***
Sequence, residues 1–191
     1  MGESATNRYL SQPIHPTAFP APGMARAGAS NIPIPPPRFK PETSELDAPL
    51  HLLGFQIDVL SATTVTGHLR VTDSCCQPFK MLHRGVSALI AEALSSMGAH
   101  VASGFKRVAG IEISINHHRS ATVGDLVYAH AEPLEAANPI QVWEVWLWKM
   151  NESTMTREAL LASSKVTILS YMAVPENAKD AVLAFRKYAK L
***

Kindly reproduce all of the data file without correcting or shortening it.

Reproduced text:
Sequence, residues 1–191
     1  MGESATNRYL SQPIHPTAFP APGMARAGAS NIPIPPPRFK PETSELDAPL
    51  HLLGFQIDVL SATTVTGHLR VTDSCCQPFK MLHRGVSALI AEALSSMGAH
   101  VASGFKRVAG IEISINHHRS ATVGDLVYAH AEPLEAANPI QVWEVWLWKM
   151  NESTMTREAL LASSKVTILS YMAVPENAKD AVLAFRKYAK L